Can Germany reduce its greenhouse gas emissions to zero net by 2050? Yes, say the authors of the study "Towards a Climate-Neutral Germany," whose results were presented in Berlin today. Prognos, the Öko-Institut and the Wuppertal Institute have examined the question in various scenarios on behalf of the Agora Energiewende, Agora Verkehrswende and Stiftung Klimaneutralität. The result shows that Germany can achieve this goal by 2050.
"With the study 'Towards a Climate-Neutral Germany,' the three institutes are making another important contribution to the urgent social discourse on the possibilities of transforming our energy and economic system and on how adequate contributions to global climate protection can be made", emphasises Prof. Dr. Manfred Fischedick, Scientific Managing Director of the Wuppertal Institute, and adds: "The study should be looked at in the context of other scenario studies. This is especially true for the study recently presented by the Wuppertal Institute for Fridays for Future Germany 'How Germany can become CO2-neutral by 2035'. Due to their different basic assumptions, both studies complement each other ideally and reflect the range of the current debate on climate protection targets in Germany".
The study "Towards a Climate-Neutral Germany" also shows how Germany can reduce greenhouse gas emissions by 2030 to a much greater extent than the German government has intended so far. This is necessary so that Germany can make an adequate contribution to the tightening of the European climate protection target, which is currently being discussed at European level. In the study’s main scenario, emissions are reduced by 65 percent by the year 2030 compared to 1990 - ten percentage points more than the current German Climate Protection Law envisages. The additional savings required to achieve this goal will come primarily from the energy industry through an accelerated phase-out of coal and a more rapid expansion of renewable energies, as well as through more rapid transformation in industry. But additional savings will also be achieved in the transport and building sectors.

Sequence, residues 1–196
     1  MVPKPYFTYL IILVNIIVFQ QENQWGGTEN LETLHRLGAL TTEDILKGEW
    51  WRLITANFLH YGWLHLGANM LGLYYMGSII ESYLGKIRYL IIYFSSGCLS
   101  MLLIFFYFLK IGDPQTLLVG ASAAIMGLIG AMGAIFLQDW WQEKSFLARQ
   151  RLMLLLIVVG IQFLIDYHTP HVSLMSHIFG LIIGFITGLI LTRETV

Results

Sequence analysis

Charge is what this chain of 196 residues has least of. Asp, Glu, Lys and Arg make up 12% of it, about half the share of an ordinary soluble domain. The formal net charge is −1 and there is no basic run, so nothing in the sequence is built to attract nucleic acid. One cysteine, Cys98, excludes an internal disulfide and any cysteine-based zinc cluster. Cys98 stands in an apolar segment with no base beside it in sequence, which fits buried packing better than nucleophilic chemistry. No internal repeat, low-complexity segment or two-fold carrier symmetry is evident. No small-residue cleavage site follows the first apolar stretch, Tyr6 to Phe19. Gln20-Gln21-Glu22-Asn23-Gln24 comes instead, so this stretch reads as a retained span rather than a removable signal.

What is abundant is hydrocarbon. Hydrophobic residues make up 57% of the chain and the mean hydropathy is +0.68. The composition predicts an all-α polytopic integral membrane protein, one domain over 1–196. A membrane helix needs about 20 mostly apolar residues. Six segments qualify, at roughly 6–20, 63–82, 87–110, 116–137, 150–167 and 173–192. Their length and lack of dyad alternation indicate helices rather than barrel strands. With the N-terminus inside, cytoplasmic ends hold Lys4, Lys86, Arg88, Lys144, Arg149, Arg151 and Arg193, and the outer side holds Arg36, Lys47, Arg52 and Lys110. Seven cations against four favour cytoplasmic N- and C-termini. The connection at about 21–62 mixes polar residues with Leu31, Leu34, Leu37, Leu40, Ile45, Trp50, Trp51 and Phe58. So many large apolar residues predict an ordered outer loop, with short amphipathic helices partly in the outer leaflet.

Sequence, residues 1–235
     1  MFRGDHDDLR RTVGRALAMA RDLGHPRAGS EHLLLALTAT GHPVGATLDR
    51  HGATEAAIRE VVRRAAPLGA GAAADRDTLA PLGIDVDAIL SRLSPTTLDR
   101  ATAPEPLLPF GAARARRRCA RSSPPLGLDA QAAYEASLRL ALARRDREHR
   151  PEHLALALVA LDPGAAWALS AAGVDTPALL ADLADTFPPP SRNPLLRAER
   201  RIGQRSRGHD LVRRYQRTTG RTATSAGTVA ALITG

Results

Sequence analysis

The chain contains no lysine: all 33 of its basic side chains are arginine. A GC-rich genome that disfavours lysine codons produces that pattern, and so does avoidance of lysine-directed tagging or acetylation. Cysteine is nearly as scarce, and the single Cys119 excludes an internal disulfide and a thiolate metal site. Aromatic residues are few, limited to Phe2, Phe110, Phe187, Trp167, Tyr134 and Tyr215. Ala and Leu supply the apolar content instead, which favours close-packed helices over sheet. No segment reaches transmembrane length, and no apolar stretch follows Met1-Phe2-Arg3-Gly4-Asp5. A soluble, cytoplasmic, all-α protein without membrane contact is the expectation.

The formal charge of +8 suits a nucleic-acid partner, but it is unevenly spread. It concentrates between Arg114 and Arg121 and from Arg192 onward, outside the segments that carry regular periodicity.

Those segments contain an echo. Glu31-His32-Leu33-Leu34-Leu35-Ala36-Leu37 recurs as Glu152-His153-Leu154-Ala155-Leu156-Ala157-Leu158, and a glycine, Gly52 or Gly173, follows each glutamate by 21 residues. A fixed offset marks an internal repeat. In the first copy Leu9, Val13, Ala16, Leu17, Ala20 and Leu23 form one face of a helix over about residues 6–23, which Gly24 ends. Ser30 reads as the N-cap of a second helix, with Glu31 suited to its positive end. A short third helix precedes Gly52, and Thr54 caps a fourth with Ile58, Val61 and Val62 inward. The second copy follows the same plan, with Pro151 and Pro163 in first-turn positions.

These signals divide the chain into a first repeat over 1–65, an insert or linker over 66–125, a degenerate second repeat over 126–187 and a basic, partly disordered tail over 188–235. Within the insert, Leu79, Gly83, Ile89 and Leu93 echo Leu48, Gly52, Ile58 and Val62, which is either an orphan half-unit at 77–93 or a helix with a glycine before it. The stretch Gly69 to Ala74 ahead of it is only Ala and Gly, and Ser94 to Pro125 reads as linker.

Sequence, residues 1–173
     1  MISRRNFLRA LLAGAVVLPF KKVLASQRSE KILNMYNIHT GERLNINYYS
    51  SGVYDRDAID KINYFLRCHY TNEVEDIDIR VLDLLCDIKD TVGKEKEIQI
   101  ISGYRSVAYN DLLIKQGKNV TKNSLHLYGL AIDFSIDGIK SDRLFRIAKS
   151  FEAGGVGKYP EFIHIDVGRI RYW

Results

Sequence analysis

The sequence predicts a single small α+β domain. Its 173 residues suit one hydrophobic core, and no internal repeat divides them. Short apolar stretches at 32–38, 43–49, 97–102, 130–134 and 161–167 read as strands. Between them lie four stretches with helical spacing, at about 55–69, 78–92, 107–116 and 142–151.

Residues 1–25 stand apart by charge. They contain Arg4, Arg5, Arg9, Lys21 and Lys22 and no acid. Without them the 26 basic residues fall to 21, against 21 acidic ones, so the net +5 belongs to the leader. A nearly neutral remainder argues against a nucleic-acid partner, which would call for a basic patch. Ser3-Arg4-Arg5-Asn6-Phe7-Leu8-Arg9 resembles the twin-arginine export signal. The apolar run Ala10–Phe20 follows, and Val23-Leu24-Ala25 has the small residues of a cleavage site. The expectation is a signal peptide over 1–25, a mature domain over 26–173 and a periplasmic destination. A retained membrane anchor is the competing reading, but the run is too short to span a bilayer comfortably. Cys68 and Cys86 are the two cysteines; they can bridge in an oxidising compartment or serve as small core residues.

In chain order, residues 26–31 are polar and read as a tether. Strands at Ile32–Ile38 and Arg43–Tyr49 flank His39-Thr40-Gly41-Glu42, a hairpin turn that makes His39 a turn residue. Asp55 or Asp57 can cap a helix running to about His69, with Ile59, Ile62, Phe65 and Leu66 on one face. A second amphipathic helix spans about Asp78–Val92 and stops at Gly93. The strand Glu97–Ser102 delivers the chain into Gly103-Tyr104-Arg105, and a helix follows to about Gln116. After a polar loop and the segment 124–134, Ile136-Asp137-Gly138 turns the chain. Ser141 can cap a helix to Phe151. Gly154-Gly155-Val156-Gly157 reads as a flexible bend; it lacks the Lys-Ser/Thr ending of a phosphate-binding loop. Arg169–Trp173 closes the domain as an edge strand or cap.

For the study, the authors spent a total of one year examining and modelling the measures in the energy, industry, transport, buildings, agriculture and waste sectors. The areas of land use, land-use change and forestry (LULUCF) and the efficient production and use of bioenergy were also analysed in detail.
"The study is the first analysis ever that comprehensively analyses all relevant greenhouse gas emitting sectors and presents a concrete way to achieve climate neutrality in Germany by the year 2050," says Prof. Dr. Stefan Lechtenböhmer, head of the Future Energy and Industrial Systems Division at the Wuppertal Institute and co-author of the study. "It goes further than many studies that focus exclusively on CO2 emissions. It also takes into account the often neglected sectors of agriculture, waste and land use, as well as methane and nitrous oxide emissions from the use of biomass and other small emission sources".
When selecting the measures to implement greenhouse gas reduction, the costs were the main consideration. Due to the rapid transformation required in many areas, the questions of technical feasibility and possible market ramp-up were also taken into account. In order to obtain the most resilient scenarios possible, the researchers focused on technologies with the lowest possible technological and economic risks.
The study was commissioned by Agora Energiewende, Agora Verkehrswende and Stiftung Klimaneutralität. The joint press release (German) by Prognos, Öko-Institut and the Wuppertal Institute is available for download.